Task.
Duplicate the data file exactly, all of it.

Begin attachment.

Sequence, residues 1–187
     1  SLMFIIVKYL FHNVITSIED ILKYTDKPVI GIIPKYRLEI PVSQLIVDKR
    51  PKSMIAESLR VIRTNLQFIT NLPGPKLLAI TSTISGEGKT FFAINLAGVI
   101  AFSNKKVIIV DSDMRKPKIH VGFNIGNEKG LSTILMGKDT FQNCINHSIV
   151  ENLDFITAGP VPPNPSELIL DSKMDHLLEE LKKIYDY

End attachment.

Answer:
Sequence, residues 1–187
     1  SLMFIIVKYL FHNVITSIED ILKYTDKPVI GIIPKYRLEI PVSQLIVDKR
    51  PKSMIAESLR VIRTNLQFIT NLPGPKLLAI TSTISGEGKT FFAINLAGVI
   101  AFSNKKVIIV DSDMRKPKIH VGFNIGNEKG LSTILMGKDT FQNCINHSIV
   151  ENLDFITAGP VPPNPSELIL DSKMDHLLEE LKKIYDY